The European Union awarded contracts valued at a total of 355 million euros ($511 million) to Thales Alenia Space and Astrium, completing procurement for a flagship satellite project meant to rival the U.S. GPS system.
The European Commission gave a 281 million-euro order to France’s Thales Alenia Space for the formatting of navigation information for broadcast by the satellites that will make up the Galileo road, rail, ship and air-traffic control network. The commission gave a 73.5 million-euro contract to the U.K.’s Astrium for maintenance of the satellites in orbit.
The contracts are the final two of six for the procurement of Galileo’s operational capability starting in 2014. Last year, the EU awarded a German-Italian joint venture that includes Finmeccanica SpA (FNC) a 194 million-euro order for the operations of Galileo’s space and ground infrastructure and three other contracts worth a total of about 1 billion euros for engineering support, launchers and satellites.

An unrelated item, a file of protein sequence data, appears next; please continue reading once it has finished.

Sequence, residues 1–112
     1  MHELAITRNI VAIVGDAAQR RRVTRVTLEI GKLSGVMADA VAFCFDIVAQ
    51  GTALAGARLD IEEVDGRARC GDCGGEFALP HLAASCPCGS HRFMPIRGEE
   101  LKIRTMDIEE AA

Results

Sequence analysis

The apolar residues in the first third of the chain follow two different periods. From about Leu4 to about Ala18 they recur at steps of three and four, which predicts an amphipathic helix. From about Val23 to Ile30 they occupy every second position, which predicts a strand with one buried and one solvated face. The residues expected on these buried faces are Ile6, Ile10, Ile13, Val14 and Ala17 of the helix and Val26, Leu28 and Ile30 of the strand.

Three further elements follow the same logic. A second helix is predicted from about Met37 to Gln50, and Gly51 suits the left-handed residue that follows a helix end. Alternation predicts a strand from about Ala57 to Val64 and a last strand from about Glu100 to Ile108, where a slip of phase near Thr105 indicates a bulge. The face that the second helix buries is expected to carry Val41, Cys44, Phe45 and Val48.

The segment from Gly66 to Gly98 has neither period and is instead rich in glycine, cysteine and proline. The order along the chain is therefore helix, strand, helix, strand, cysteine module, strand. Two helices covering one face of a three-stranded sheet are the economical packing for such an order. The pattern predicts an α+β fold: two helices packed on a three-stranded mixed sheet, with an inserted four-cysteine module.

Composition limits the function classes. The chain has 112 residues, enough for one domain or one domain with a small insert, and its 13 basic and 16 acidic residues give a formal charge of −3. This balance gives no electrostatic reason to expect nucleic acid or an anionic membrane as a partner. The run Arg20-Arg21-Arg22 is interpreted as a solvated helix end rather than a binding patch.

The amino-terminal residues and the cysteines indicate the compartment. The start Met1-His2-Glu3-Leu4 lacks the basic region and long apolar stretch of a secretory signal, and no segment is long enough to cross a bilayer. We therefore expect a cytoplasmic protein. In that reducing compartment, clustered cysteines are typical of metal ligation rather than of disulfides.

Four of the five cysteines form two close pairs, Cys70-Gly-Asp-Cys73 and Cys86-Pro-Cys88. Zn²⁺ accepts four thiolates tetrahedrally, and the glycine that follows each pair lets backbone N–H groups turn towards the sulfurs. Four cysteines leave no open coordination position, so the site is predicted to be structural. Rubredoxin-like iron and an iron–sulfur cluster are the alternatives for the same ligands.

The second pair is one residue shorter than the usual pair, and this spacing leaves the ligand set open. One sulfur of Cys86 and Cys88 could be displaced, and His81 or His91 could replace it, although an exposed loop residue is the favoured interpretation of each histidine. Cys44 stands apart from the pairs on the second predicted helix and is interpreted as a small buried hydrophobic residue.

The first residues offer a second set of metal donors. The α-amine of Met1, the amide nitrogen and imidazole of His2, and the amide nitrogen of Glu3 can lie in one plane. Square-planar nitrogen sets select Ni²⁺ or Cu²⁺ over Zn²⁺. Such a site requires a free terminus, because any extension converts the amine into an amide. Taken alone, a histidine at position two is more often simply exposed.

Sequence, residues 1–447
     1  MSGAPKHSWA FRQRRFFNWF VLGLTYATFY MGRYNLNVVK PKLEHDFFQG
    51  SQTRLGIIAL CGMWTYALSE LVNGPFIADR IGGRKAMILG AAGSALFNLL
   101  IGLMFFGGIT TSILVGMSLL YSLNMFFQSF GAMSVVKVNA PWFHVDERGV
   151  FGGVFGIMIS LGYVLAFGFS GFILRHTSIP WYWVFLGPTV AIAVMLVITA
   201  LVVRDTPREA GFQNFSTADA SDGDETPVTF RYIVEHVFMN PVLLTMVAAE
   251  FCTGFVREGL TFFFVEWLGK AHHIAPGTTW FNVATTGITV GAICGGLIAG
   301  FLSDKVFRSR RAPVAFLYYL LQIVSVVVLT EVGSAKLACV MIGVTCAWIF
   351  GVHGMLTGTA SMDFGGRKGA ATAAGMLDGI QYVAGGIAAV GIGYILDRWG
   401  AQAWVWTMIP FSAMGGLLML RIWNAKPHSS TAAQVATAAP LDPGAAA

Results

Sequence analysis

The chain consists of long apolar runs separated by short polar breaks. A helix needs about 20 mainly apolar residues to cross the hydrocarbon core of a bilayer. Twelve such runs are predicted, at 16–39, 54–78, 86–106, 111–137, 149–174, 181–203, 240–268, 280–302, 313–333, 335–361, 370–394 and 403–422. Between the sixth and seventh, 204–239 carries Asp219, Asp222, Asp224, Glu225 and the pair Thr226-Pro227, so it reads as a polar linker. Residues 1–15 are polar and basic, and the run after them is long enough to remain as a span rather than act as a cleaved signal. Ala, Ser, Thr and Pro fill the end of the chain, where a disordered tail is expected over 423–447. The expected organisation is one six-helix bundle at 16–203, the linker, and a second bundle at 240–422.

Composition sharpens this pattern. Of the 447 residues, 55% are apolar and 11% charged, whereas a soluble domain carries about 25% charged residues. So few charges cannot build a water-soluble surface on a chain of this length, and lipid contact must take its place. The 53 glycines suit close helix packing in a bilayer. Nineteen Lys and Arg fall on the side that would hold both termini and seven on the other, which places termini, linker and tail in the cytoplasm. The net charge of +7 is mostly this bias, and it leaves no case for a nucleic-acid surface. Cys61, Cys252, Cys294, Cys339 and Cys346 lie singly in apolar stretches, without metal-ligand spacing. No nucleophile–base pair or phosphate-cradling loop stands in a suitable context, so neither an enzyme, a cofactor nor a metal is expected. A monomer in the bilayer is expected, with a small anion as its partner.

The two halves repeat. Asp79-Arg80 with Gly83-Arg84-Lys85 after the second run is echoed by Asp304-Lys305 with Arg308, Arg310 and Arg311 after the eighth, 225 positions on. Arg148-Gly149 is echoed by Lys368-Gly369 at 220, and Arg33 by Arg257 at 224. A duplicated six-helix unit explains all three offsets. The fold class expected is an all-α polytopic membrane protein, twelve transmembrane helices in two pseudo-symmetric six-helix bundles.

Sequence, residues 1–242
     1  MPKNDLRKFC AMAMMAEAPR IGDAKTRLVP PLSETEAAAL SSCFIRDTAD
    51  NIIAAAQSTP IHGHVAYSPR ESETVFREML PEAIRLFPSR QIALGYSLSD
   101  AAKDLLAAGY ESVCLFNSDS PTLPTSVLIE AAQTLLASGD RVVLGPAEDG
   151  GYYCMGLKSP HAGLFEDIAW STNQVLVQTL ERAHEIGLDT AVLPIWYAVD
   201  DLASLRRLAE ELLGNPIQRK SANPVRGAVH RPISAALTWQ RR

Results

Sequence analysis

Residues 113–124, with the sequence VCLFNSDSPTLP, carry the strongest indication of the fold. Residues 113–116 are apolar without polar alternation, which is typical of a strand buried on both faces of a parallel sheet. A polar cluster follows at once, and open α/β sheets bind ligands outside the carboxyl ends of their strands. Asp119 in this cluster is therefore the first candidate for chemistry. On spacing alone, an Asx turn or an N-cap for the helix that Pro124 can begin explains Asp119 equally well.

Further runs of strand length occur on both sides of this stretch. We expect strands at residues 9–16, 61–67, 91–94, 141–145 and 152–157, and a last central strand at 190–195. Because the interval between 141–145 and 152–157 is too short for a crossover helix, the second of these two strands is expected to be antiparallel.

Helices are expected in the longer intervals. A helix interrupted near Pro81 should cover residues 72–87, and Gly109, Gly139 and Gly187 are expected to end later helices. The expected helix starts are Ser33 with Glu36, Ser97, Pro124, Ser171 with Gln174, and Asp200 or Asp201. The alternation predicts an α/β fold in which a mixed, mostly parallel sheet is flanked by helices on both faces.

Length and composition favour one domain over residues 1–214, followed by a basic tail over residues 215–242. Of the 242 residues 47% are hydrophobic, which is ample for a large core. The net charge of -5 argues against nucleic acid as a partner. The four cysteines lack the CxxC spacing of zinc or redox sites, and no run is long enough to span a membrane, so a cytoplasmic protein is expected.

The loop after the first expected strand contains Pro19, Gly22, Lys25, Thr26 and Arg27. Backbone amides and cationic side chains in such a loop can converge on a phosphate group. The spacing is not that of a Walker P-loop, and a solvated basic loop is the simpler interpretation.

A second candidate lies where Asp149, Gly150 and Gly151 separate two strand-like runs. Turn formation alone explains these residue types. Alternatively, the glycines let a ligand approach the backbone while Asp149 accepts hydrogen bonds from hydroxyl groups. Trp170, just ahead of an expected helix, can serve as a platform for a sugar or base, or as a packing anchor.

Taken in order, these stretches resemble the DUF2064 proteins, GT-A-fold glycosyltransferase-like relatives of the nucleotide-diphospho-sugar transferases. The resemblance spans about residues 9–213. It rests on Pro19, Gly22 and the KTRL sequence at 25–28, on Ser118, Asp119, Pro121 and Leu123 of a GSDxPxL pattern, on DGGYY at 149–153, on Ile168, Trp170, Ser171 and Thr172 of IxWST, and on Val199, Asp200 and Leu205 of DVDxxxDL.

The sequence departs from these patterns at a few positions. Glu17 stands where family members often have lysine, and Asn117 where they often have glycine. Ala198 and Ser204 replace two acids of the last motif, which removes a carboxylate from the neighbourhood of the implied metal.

“We are now well and truly on the road to putting in place the infrastructure,” EU Industry Commissioner Antonio Tajani said in a statement today in Brussels. The European Space Agency signed the two final contracts on behalf of the commission, the EU’s executive arm, at the Paris Air Show today.
Galileo, one of Europe’s biggest industrial projects since Airbus in the 1970s, was on the verge of collapse in 2007 after companies led by European Aeronautic, Defence & Space Co. and Alcatel-Lucent SA balked at a plan to share the costs, citing the risks tied to launching and operating the system. That prompted a public bailout.
In January, the commission raised its projection for the cost of Galileo by 1.9 billion euros to 6.4 billion euros, citing the “high” risks that led industry to abandon its funding pledge and the EU to arrange the bailout.
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